2) Conservatives love Palmström logics: "And he comes to the conclusion: His mishap was an illusion, for, he reasons pointedly, that which must not, can not be."
3) Alas http://www.climatedenial.org/ is offline. A recent post there tells how catastrophes don't change U.S. public perception much.
4) The recent deluge in India was prominently blamed by environmentalists on "land use change". Just look at the amazing Kedarnath debris flow and see that this is wrong.

5) Last but not least, most people tend to get used to catastrophes. They develop a variant of Stockholm syndrome and develop ever more psychopathic symptoms of denial.

Examples: U.S. conservatives' love of coal mining perversities and fracking. -- Oh, Canada. -- From my personal experience: It still hasn't rained enough here in Bavaria (recent 500y deluge). My mom still thinks immigrants are a more important issue.

Superman

Martin Gisser,

I agree with you; it's hard to see a Pearl Harbor event for climate change that will have anywhere near the motivational impact of the original.

Neven

Why, of course, the enemy is us.

My mom still thinks immigrants are a more important issue.

Throw 'em in the Danube when it's 12 metres higher than normal! Especially if they're bankers as well.

Mdoliner43

The idea that "they" are going to be aroused is simply self-justifying. How aroused are people who write on this blog? What do we do? Knowing doesn't count as doing. Writing here doesn't count either. Is it doing something to write and hope others will see it and do something? There's no solution within the present lumbering system. Surely we all know that. Find something it can now do well other than blow things up. I myself seriously doubt there now is anything humans can do about global warming, but surely if there is it must be a highly organized world-wide extremely radical response. It requires the end of industrial civilization. Does anyone think the government is up to the job?

Stevegeneral999

Why wouldn't your Mom think that?

How often does Obama talk about that issue compared to global warming?

Superman

Martin Gisser,

But, beyond the difficulty of seeing a Pearl Harbor event for climate change, I see a more serious issue. The numbers are slowly starting to get out of reach.

Kevin Anderson (U Manchester) has been doing the best linking of climate science to climate policy, in my estimation. He wrote a series of papers showing that, to avoid going beyond a global mean temperature increase of 2 C, global CO2 emissions would have to be reduced by about 10%/annum starting about now, and continued for decades. A recent paper in Nature by a Swiss modeling team showed that when other variables besides temperature constraints are taken into account, the CO2 emissions reductions have to be doubled. So, the global emissions reductions would have to be about 20%/annum, and with equity considerations, the advanced nations would have to reduce by 30%/annum or more.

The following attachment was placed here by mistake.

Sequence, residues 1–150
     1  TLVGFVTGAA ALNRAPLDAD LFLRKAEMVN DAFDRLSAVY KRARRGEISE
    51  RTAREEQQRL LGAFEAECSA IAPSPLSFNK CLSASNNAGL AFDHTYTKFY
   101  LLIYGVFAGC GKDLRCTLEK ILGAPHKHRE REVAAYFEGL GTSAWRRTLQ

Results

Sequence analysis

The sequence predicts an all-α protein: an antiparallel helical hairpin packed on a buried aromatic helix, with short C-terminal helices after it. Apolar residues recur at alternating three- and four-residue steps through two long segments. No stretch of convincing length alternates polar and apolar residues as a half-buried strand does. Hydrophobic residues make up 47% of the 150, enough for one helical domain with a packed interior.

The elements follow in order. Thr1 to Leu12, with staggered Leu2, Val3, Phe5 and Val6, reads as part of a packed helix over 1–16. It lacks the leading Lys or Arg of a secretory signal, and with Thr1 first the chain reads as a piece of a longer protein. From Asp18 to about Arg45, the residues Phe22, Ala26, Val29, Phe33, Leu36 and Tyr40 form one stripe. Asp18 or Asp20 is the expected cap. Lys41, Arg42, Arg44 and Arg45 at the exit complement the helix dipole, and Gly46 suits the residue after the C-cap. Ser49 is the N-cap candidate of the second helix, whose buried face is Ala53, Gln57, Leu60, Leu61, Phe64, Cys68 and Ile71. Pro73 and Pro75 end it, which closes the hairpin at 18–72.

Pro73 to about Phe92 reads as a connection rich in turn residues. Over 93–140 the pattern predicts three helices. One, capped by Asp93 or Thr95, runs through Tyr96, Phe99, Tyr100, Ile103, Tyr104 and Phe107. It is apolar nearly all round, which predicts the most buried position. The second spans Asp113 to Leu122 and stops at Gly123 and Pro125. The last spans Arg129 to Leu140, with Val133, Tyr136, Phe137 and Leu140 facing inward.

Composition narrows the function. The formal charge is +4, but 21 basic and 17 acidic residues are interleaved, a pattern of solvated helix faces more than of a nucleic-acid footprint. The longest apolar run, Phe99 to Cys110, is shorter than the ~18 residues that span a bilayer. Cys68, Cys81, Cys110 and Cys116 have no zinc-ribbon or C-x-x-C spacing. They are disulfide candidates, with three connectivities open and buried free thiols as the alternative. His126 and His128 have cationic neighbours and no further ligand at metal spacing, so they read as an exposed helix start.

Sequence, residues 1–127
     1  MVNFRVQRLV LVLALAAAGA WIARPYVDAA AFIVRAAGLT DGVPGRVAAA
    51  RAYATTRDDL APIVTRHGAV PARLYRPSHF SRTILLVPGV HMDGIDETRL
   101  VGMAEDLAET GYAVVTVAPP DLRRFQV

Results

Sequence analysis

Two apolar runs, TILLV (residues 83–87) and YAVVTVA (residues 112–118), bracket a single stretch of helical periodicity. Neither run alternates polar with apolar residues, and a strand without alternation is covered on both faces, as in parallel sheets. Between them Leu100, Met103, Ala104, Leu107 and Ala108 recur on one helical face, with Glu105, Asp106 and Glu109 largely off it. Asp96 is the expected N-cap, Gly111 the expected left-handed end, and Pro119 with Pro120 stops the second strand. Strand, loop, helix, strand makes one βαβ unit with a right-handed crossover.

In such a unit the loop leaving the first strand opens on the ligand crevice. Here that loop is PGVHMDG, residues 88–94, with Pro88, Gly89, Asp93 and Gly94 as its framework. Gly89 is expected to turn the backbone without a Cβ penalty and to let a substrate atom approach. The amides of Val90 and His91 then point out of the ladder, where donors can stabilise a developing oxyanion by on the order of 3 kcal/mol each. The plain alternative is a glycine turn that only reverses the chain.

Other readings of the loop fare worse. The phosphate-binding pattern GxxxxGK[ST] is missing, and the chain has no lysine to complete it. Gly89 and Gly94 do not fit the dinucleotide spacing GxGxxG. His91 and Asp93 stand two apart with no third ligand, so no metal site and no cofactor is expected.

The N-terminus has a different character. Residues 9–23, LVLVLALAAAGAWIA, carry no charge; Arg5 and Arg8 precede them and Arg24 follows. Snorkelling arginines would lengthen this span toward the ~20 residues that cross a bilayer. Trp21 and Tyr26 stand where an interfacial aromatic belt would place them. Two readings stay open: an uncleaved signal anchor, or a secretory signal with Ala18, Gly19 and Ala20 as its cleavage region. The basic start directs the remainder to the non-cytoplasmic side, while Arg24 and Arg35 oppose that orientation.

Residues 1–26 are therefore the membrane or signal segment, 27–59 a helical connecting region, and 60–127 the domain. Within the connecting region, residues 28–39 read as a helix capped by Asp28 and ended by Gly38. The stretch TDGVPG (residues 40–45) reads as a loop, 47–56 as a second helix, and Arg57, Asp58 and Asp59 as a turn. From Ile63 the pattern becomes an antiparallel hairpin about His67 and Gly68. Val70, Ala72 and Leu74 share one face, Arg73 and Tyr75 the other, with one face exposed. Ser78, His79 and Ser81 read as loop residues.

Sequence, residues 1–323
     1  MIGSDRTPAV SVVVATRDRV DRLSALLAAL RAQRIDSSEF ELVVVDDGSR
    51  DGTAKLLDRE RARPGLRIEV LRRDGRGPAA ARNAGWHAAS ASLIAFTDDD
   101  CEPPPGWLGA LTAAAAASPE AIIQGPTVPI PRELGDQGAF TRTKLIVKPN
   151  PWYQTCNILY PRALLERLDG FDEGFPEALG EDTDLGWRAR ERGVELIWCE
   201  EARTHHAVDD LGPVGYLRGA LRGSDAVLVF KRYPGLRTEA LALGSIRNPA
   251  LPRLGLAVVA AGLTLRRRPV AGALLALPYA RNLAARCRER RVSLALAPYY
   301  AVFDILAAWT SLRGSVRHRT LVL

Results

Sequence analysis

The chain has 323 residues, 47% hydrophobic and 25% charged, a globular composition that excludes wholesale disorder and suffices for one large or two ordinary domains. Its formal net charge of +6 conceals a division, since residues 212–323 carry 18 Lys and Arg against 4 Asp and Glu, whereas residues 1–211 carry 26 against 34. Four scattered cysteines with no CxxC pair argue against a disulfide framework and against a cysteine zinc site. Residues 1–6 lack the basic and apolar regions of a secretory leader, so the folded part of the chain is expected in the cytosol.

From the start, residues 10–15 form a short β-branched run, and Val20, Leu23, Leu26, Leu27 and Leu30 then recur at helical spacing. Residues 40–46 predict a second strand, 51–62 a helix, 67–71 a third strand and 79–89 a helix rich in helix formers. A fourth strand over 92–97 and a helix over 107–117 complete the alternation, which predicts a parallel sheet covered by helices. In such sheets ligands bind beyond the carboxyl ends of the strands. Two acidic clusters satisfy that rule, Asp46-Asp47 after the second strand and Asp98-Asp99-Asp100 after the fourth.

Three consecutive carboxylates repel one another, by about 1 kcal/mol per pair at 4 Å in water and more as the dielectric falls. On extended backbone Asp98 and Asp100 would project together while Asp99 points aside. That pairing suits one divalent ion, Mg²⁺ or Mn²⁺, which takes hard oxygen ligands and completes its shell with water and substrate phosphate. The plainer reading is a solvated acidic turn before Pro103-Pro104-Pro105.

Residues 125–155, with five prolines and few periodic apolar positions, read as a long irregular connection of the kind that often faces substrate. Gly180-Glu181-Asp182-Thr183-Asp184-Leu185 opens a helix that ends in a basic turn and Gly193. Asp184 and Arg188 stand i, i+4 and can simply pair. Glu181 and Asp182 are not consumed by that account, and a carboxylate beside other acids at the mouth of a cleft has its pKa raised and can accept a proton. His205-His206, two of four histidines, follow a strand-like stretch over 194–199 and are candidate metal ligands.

But, this is for 2 C, and the global models that Anderson used don't include the major positive feedback mechanisms. Anderson states, and many other leading climate scientists have stated, that 2 C brings us to the Extremely Dangerous region, and that a 1 C limit is much more justifiable from a scientific viewpoint. My own view is that the temperature at which the rapid Arctic ice melt started to become visible would have been a much better target, perhaps half of where we are today.

If we terminated all fossil fuel use today, published studies show that we would reach peak temperatures of about 1.5-3.0 C in about 3-4 decades, with a few outliers on either side. The differences depend on assumptions made for 'climate sensitivity', 'aerosol forcing', and other parameters. So, at a minimum, we would need not only to terminate all fossil fuel use as soon as possible, but institute rapid carbon recovery and some type of geo-engineering in parallel to avoid going over the cliff in the interim. Is this even theoretically possible? In practice, there appears to be no evidence of any moves in this direction; both President Obama and the Chinese premier (5 March) have made statements that essentially say 'all of the above', which is diametrically opposite to what the numbers require. So, even if we did have a climate Pearl Harbor, what could we do to win the battle?

Stevegeneral999

Oops, sorry Martin.... my USA-centrism is showing.

Stevegeneral999

First, let's dispense with the notion "Pearl Harbor Event" in the singular.

I'm talking about the accumulated in-your-face impacts (((per individual))), which will be highly variable.

It goes without saying that sooner or later, all the sleepers will have a moment of awakening. THE QUESTION IS, will

1. Enough of them awaken
2. Soon enough

to demand action when we have a chance of keeping it to 3 or 4C, instead of 9 or 10?

And so I root for many "climate pearl harbors", sooner instead of later, because I believe that as horrible as 3C will be, 9C is a hell of a lot worse.

Apocalypse4Real

The US made it clear in 2012 that the 2C limit was not achievable.

See: Todd Stern remarks, Dartmouth College, August 2012:

http://www.state.gov/e/oes/rls/remarks/2012/196004.htm

The Germans understand that as well. See:

Modifying the 2°C Target, Oliver Geden
SWP Research Paper 2013/RP 05, June 2013, 30 Pages

http://www.swp-berlin.org/en/publications/swp-research-papers/swp-research-paper-detail/article/climate_modifying_the_2_c_target.html

Martin Gisser

Australia 1970
~ Judith Wright ~

Die, wild country, like the eaglehawk,
dangerous till the last breath’s gone,
clawing and striking. Die
cursing your captor through a raging eye.

Die like the tigersnake
that hisses such pure hatred from its pain
as fills the killer’s dreams
with fear like suicide’s invading stain.

Suffer, wild country, like the ironwood
that gaps the dozer-blade.
I see your living soil ebb with the tree
to naked poverty.

Die like the soldier-ant
mindless and faithful to your million years.
Though we corrupt you with our torturing mind.
stay obstinate; stay blind.

For we are conquerors and self-poisoners
more than scorpion or snake
and dying of the venoms that we make